Researchers have found many benefits of hope that can positively impact the workplace. Hopeful people accomplish more at work than less hopeful people. A study that compared the relationship between hope and productivity concluded that hope “accounts for 14 percent of productivity in the workplace—more than intelligence, optimism or self-efficacy (Journal of Positive Psychology, 2013). People with low levels of hope are more apt to shut down in a crisis, but, according to psychologist Randolph C. Arnau, “a high-hope person tends to have more goals and is quicker to focus on another if they fail.”
While hopelessness has been associated with suicide, hope is a strong predictor of positive emotions. High levels of hope have been linked to numerous health benefits such as reduced levels of depression and anxiety and lowered risk of death. High levels of hope have also been linked to increased social competence, lower levels of absenteeism, and lower levels of loneliness. It’s possible that creating an organizational culture that inspires hope could improve employee wellness and help alleviate the “loneliness epidemic” in the workplace.
Thankfully, according to Dr. Lopez, hope is an “equal opportunity resource.” It doesn’t relate to IQ or income, and there are no consistent findings of one racial or ethnic group being more hopeful than others. The ability to have higher levels of hope can be learned. We’ll talk more about how to inspire and build hope in future blog posts.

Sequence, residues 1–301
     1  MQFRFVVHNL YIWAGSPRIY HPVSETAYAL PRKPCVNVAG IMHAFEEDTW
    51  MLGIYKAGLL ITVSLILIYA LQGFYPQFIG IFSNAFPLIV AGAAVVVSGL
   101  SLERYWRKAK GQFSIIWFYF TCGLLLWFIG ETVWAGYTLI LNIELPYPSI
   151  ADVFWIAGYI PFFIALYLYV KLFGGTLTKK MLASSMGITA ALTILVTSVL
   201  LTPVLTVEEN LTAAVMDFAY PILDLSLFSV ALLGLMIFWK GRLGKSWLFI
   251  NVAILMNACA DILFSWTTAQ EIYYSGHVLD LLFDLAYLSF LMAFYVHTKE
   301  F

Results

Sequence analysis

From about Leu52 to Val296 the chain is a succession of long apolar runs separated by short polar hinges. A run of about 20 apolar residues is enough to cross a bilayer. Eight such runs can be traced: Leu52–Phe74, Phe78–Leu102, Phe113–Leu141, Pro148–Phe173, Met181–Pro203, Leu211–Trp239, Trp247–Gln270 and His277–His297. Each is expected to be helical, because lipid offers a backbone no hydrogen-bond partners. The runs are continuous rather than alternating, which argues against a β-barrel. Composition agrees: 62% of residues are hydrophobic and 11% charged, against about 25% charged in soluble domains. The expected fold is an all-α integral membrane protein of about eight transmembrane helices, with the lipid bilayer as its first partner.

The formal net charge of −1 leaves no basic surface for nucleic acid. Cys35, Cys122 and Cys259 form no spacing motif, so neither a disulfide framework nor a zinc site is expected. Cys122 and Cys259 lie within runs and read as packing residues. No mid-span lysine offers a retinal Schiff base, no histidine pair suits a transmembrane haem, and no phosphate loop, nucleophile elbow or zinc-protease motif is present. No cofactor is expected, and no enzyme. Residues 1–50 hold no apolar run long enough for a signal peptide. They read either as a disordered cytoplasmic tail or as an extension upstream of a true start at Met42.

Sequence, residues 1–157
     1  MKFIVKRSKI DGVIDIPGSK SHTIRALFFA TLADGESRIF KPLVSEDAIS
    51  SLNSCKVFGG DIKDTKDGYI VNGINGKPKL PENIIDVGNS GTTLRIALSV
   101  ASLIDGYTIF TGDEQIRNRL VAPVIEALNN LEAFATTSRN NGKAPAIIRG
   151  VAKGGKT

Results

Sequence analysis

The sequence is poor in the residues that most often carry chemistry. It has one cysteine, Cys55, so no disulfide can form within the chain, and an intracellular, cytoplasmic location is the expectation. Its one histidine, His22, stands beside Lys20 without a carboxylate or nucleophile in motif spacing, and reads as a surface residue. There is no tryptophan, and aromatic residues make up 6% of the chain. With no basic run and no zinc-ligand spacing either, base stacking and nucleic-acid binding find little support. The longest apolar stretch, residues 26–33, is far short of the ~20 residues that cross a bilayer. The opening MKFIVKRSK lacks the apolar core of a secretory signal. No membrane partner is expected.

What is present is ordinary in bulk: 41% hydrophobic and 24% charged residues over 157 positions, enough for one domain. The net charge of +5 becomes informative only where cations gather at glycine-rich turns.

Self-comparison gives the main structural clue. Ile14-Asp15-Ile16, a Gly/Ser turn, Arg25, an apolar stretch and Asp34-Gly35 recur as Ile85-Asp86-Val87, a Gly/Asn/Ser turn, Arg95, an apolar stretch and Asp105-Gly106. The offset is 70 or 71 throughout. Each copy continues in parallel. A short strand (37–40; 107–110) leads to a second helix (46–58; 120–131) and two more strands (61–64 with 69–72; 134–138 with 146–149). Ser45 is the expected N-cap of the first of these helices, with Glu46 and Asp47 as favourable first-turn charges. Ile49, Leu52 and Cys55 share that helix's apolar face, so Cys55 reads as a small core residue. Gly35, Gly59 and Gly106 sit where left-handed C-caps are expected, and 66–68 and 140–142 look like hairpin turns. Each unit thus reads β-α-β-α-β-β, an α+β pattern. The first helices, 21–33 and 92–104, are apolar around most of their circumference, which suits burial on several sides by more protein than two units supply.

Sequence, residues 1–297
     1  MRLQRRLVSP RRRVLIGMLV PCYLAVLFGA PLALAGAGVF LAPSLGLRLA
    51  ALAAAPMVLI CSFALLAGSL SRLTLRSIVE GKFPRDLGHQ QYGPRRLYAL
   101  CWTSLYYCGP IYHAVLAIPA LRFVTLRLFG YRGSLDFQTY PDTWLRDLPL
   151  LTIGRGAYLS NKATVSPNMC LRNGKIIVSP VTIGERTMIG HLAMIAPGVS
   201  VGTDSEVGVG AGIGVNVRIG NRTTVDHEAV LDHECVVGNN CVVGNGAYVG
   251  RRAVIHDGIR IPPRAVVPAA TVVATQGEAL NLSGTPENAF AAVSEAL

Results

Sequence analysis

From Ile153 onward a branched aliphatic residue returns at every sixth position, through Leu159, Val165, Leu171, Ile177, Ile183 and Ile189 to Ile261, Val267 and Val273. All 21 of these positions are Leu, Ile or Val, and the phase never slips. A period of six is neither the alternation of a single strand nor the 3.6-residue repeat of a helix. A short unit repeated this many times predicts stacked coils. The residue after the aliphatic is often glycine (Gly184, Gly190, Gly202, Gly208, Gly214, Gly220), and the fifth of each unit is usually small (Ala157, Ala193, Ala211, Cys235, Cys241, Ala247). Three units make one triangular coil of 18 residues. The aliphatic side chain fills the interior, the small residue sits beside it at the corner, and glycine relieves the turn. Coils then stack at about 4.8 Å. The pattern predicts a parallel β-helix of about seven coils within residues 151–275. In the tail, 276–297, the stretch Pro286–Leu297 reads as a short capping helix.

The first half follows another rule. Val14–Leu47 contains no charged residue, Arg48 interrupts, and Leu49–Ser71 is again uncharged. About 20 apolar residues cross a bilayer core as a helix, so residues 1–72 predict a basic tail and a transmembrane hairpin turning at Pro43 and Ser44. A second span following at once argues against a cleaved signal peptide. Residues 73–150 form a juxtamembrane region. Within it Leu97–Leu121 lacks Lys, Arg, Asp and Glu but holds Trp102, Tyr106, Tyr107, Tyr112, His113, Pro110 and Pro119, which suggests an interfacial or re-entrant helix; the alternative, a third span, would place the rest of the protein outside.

In his 2017 book The New Leadership Literacies, futurist Bob Johansen, former President and Distinguished Fellow at the Institute for the Future, says that it will be critical for future leaders to be able to “seed hope”:
“Leaders in the future will be in the seeding hope business, whether they like it or not…I believe that the next ten years will be twisted and splintered — the most turbulent years in all of our lifetimes — and the most hopeful, if we play it right.”
Johansen goes on to say that seeding hope will be especially important for those born in 1996 and later (i.e., those age 24 and younger in 2020): “Hope has always been important, but it is likely to be much more difficult to achieve over the next decade [through 2027]…Over the next decade, the biggest negative disruptors will be young people who are hopeless — and connected. The biggest positive disruptors will be young people who are hopeful and connected. The key variable will be the degree of hope young people experience.”
However, as stated in Strengths Based Leadership, if leaders “are not creating hope and helping people see the way forward, chances are, no one else is either.”
Most people spend a significant portion of their life at work. Organizations that encourage leaders to inspire hope and consider hope an integral part of the culture will ultimately have not only more productive and inspired teams but also a positive impact on society at large. In building higher levels of hope at work, organizations can contribute to the overall good and a brighter future.
There’s good reason for hope too! Writing in Harvard Business Review, Deborah Mills-Scofield says, “After a few decades of helping organizations create highly actionable, measurable, living strategic plans that adapt to the changing world instead of leaving our companies stuck in concrete, I’ve seen hope achieve marvelous success for customers, employees, communities, stakeholders, and shareholders.”
As Martin Luther King Jr. did in his time, leaders today can inspire infinite hope. Every team will face obstacles, difficulties, and disappointments. Plans don’t always work out as we’d like. But when we have hope, those obstacles, difficulties, and disappointments don’t get the last word. We do.